Re: The scientific status of PCP

Gary Blanchard (
Thu, 13 Jun 1996 16:33:32 -0700

Dear Brian-
Thanks for your latest note.
Honestly, I was considering declaring surrender and ending the
conversation, for in my view I am getting nowherre in my talk with you or
some others on the list. And that's okay. We're all entitled to our

But then a thought occurred to me (I don't give up easily!). Just as an
experiment, would you be willing to re-read your latest note to me and
see how many times you, identified as you, the author, explicitly show up
in your remarks? I thibnk you'll find the answer is: none.

Instead, you speak as if you live on Mt. Olympus, and what you say is
self-evident, in my assessment. And what it leads to, in my opinion, is
a lot of inconclusive bullshit and an unresolved question: Can Prof.
Kelly's claims be empirically proved or not?

Now, please accept that I mean no disrespect here. I simply want to call
attention to the way of being, in language, that most of us in the West
at least have fallen into, and therefore about which we now are unaware.
So we go on, speaking rapidly in presuppositions and metaphors, with
little concern if we are understood by the person to whom we are
speaking, but looking very, very good according to the reigning social
standards of the day.

This, I submit, is THE dominant ontology of language in which we all are
immersed. And from these conversations with you and others, I now begin
to formulate a new definition of 'constructivist.' Namely: One who
possesses, and expresses, the capacity to observe him/herself speaking
(or write), and who takes explicit responsibility for what he/she says,
aware if the speaking is of a factual or of an opinion nature, providing
evidence if it is claimed to be factual and accepting that it is only
their opinion if it is an opinion.

To paraphrase the late, great Marshall McLuhan: The medium is the
message. And the medium, for us humans, is language. So the message is,
let's start speaking more awaredly, respectfully, and clearly.

What do you --- all --- think? Sincerely, Gary

>Brian Gaines wrote:
> >
> My reply to you was rather long so as to have rigor and clarity.
> However, your questions are phrased in terms of your personal
> constructs so any direct reply to them involves the replier
> in attempting to tease out your meaning and hence is somewhat personal
> to you.
> >
> The science--religion distinction you propose is not a bipolar
> Science and religion need to be treated as elements each having very
> constructions. The distinctions you appear to be trying to make is, as
> have noted, are ones between critical reflection and dogmatic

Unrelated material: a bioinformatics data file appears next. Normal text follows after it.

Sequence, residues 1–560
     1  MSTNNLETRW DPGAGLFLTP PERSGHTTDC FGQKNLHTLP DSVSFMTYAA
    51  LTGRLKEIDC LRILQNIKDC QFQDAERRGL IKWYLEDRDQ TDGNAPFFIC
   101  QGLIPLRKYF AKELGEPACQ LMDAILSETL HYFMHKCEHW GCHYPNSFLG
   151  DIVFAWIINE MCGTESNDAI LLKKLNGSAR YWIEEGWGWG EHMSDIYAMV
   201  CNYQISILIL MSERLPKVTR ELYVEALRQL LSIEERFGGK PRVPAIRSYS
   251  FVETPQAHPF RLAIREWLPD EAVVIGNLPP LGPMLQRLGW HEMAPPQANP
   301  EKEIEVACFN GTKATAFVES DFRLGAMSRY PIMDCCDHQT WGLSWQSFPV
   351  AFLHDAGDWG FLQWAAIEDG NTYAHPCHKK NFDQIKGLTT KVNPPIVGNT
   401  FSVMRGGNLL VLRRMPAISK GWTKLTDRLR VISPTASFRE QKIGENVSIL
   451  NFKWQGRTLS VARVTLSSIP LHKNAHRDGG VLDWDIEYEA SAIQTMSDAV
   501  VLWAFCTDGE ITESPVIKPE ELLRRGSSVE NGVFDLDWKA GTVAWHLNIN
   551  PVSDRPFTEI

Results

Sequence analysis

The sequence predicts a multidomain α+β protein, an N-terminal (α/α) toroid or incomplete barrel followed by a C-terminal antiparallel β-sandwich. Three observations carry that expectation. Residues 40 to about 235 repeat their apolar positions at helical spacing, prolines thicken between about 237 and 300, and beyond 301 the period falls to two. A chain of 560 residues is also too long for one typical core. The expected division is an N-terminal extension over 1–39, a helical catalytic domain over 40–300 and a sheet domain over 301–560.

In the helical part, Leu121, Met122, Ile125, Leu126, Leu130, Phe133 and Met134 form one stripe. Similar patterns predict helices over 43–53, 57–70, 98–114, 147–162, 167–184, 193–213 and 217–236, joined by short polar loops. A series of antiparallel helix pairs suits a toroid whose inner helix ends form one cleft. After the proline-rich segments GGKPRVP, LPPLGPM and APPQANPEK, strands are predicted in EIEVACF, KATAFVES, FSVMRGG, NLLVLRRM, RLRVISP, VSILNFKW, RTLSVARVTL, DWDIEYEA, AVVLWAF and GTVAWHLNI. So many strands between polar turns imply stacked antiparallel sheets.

> between empirical testing and authority, and between knowledge and
> Some aspects of science and some aspects of religion may be construed
> on each pole of these three constructs. They are not bipolar unless one
> very clearly defines those aspects.
> Kant notes that science in the enlightenment threw off the authority of
> church -- "Enlightenment is man's release from his inability to make
>use of
> his understanding without direction from another." (Kant, What is
> Enlightenment?) However, even this authority was over the laity --
> if you read the Thomist pre-enlightenment literature you find a
> critical reflective community. Science has often exerted similar
> over the laity, and some postmodernist literature sees the authority
> of science being overthrown now, as was that of the church 300 years
> The knowledge--belief distinction in philosophy is that knowledge is
> "justified true belief" -- justification involves a critical community
> to who justification must be given -- truth involves some truth
> acceptable to the community. This makes the distinction
> within the paradigms of some reference community. Presumably, the
> one for PCP is that of scientific psychology.
> As I noted in my previous posting, PCP qualifies as a scientific
> to the extent that any other psychology qualifies. However, psychology
> sociology as sciences have dimensions that mathematics and physics do
> and it is important to recognize this in applying the criteria for a
> discipline being a science.
> Many aspects of religion also satisfy the criteria for a science: open,
> critical communities; pragmatic empirical validation; and so on.
> These are rich issues for discussion, and one attraction of PCP is that
> Kelly is precisionist in his treatment of them. He personally was the
> archetype of a scientist and was motivated to develop PCP precisly
> he was dis-satisfied with the scientific foundations of the
> of his time. PCP is as much a model for doing psychology as it is a
> psychology in its own right.
> b.
> Dr Brian R Gaines Knowledge Science Institute
> University of Calgary
> Calgary, Alberta, Canada T2N 1N4
> 403-220-5901 Fax:403-284-4707